A year or so ago, in the Chronicle, I had a rather sharp exchange with the Christian philosopher Alvin Plantinga, formerly (for some 20 years) at Notre Dame and now returned to Calvin College, where he was first a student and then for many years a faculty member. I accused him of being a believer in so-called Intelligent Design Theory, the idea (promoted by among others the biochemist Michael Behe in his Darwin’s Black Box) that every now and then a designer intervened in the natural course of events to create biological entities or features that supposedly could not have been produced by such processes as natural selection. The bacterial flagellum (a tail on cells used as a propeller) is a favorite example.
Plantinga objected to my characterization of him.
Ruse claims I am an “open enthusiast of intelligent design.” (“Open” enthusiast? Is enthusiasm for intelligent design supposed to be something you should shamefacedly conceal, like addiction to watching soap operas?) Another missed distinction. Like any Christian (and indeed any theist), I believe that the world has been created by God, and hence “intelligently designed.” The hallmark of intelligent design, however, is the claim that this can be shown scientifically; I’m dubious about that.
Finally, Ruse suggests [Thomas] Nagel, [Jerry] Fodor, and I don’t take science seriously and have no interest in it. Nonsense. Modern science—say, physics, from the 17th century to the present—is widely and justly celebrated as a magnificent and unparalleled intellectual achievement: perhaps mankind’s most splendid effort along these lines. The fact is, I like science better than Ruse does.
Now, Plantinga has given us a full-length treatment of his views on science and its relationship to religion. I can only say that either he has changed his mind in the last year or, shall we say, he was not being entirely forthcoming. There is a chapter of the book on Intelligent Design Theory and I challenge any independent person to read it and not conclude that Plantinga accepts this theory over modern evolutionary theory, especially the dominant modern Darwinian evolutionary theory. But read the chapter yourself if you have doubts about what I claim. Make your own judgment.
What I do want to pick up on here is something – oh dear, here we go again – that came out of my exchange with the Mormons and that I think is important. This is the whole question of the extent to which one can separate out different parts of a person’s belief system and actions. I was worrying about the extent to which one can disregard what one might consider a very strange theological view of reality from a person’s beliefs and actions in other realms. I mentioned not just the Mormons but also the Jehovah’s Witnesses. I think their beliefs are absolutely barmy but I bow down before them with humility in their opposition to the Nazis.
Plantinga raises this issue for me in the other way. Not only does he spend pages engaged in intellectual fawning all over Behe – whose claims have been refuted again and again, perhaps most effectively by Kenneth Miller, biologist and practicing Roman Catholic (whose arguments against go unmentioned) – but he dismisses without argument the objections to a later Behe book promoting ID made by Richard Dawkins and Chicago biologist Jerry Coyne. Plantinga says: “the high proportion of vitriol, inventive, mockery, ridicule and name calling makes it hard to trust these reviews.”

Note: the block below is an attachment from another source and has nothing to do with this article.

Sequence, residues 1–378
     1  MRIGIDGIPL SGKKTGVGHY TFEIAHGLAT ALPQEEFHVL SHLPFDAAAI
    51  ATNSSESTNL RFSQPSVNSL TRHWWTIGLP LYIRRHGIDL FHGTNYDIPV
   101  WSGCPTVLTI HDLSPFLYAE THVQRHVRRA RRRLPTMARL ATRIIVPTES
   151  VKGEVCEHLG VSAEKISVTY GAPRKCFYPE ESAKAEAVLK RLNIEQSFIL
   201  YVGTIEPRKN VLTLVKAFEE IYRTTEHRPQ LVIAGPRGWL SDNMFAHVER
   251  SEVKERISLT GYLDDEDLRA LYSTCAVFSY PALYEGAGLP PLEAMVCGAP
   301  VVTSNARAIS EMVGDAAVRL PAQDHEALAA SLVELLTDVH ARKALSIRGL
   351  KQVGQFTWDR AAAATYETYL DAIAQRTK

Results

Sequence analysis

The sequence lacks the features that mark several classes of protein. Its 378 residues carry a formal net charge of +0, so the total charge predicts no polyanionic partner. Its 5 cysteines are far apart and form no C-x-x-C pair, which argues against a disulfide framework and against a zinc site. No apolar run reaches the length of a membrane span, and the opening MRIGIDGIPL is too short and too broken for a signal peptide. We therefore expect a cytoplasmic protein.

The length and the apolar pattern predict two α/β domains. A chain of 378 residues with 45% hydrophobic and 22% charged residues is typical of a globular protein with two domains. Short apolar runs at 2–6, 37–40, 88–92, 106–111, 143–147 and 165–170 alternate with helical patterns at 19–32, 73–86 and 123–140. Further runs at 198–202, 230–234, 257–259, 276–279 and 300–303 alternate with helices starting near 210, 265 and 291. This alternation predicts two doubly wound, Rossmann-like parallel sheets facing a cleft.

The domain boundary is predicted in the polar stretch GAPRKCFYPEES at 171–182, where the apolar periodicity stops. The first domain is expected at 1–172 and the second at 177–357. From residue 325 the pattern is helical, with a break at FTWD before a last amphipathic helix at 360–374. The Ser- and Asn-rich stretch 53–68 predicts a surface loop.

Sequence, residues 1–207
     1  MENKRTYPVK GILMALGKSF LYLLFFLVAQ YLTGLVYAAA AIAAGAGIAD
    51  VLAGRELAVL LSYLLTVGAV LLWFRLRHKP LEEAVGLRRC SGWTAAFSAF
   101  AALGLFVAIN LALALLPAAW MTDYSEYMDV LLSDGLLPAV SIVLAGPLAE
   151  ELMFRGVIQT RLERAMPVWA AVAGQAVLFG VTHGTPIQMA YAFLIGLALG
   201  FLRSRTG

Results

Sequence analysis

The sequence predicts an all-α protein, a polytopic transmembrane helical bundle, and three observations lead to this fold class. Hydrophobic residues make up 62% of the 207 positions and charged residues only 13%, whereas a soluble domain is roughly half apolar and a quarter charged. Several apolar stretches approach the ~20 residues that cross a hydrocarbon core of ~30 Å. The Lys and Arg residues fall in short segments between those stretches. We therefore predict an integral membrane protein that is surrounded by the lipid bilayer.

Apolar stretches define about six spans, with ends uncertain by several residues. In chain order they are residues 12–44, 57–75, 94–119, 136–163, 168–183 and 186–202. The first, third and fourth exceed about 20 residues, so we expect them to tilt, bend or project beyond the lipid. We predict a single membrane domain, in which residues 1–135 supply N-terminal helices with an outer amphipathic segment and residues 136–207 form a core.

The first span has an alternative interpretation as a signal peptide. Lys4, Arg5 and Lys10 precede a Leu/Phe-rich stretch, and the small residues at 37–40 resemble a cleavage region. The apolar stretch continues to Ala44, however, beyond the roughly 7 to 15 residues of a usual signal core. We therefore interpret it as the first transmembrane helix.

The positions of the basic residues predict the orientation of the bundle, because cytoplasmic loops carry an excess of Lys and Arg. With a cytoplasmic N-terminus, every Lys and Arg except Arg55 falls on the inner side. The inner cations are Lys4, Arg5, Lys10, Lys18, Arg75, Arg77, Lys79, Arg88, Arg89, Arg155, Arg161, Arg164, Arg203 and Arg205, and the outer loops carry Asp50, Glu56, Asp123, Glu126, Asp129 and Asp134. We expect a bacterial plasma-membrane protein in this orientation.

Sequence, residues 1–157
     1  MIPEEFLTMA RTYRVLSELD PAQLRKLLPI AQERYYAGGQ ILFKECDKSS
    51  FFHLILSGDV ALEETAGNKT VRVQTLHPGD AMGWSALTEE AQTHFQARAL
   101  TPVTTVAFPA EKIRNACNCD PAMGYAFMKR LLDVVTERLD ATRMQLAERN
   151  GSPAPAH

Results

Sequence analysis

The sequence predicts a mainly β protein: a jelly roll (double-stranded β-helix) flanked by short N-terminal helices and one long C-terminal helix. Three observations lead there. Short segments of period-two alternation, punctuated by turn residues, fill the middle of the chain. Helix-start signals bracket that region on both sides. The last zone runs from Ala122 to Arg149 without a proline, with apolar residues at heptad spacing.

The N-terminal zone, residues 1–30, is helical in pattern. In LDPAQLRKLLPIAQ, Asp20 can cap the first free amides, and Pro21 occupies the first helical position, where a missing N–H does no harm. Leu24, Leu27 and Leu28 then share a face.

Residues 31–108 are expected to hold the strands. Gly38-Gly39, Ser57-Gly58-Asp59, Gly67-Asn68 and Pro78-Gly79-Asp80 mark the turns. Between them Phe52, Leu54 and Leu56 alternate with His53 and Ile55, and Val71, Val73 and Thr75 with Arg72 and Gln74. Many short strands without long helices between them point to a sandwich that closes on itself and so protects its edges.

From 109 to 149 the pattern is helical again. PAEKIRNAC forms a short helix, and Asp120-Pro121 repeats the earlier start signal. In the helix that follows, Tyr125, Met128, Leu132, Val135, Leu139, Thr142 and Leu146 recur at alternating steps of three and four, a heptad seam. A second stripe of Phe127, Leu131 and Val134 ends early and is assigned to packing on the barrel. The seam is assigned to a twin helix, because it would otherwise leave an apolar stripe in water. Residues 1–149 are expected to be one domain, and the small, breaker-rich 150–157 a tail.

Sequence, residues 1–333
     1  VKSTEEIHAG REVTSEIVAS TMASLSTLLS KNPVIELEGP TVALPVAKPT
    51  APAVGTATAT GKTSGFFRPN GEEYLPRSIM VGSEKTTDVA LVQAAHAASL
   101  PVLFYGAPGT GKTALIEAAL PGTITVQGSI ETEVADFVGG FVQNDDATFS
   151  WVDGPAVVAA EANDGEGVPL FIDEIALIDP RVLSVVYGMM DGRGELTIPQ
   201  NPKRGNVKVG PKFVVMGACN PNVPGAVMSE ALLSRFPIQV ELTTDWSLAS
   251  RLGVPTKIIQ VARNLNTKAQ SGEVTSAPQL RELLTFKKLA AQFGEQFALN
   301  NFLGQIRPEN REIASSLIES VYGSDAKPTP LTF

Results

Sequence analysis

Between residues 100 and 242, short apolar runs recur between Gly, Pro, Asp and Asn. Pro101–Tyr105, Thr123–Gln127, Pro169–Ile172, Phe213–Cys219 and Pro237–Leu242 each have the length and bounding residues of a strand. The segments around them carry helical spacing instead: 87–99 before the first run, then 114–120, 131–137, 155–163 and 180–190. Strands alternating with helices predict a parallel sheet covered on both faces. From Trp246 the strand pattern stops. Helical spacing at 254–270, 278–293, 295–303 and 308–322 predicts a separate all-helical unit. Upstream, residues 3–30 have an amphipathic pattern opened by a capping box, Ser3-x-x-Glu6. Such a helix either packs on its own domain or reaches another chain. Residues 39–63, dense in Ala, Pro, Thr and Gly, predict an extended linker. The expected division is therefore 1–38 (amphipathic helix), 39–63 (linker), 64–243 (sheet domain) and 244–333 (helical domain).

Now let me say that these days neither Dawkins nor Coyne are friends of mine. In The God Delusion, Dawkins likened me to Neville Chamberlain, the pusillanimous appeaser of Munich, and Coyne’s last remark about me in his blog, Why Evolution Is True, was to say that a dog returns to his vomit. And let me also say that I can live with this and I write not to curry favor with them. I think Dawkins is crude beyond belief when it comes to philosophy and theology. And frankly, Coyne’s obsessions are nigh psychoanalytic.
However, Dawkins is simply the most brilliant science writer of his generation, a person whose writings are so good that they infiltrate right up to the highest levels of professional thought. The selfish gene metaphor changed our way of thinking about natural selection. Coyne is arguably the best evolutionary biologist in America today. His work on speciation is ground-breaking; his demolishing of Sewall Wright’s shifting balance theory is definitive; and he can write brilliantly for the general reader. Why Evolution Is True was probably the best book published celebrating the 200th anniversary of the birth of Darwin (in 2009).
Plantinga is totally unable to separate out the people from their competence as scientists. Why shouldn’t they be cross with Behe’s nonsense? What would Neville Chamberlain have said about Winston Churchill on the Nazis? Try: “the high proportion of vitriol, inventive, mockery, ridicule and name calling makes it hard to trust these speeches.” More importantly, why won’t Plantinga listen to the arguments of good-quality, professional evolutionists? In my original criticism of Plantinga, I noted a number of first-class biologists and their work and suggested that they might be considered if we are going to continue this debate. They are just not discussed at all.
So this is my beef with Plantinga – as it is with others of his ilk, including those at his institution, Calvin College, that led to the theologian John Schneider getting the sack because he suggested that Adam and Eve are not literal figures. It is not that they are Christians or that they believe in the bible or design. My defense of the legitimacy of these views is what gets me into hot water with the likes of Dawkins and Coyne. It is rather that, because of their unsophisticated versions of these beliefs, they simply are not prepared to engage in mature, responsible scholarship. And they bully those who are.
It is America’s tragedy. Crude religion perverts everything.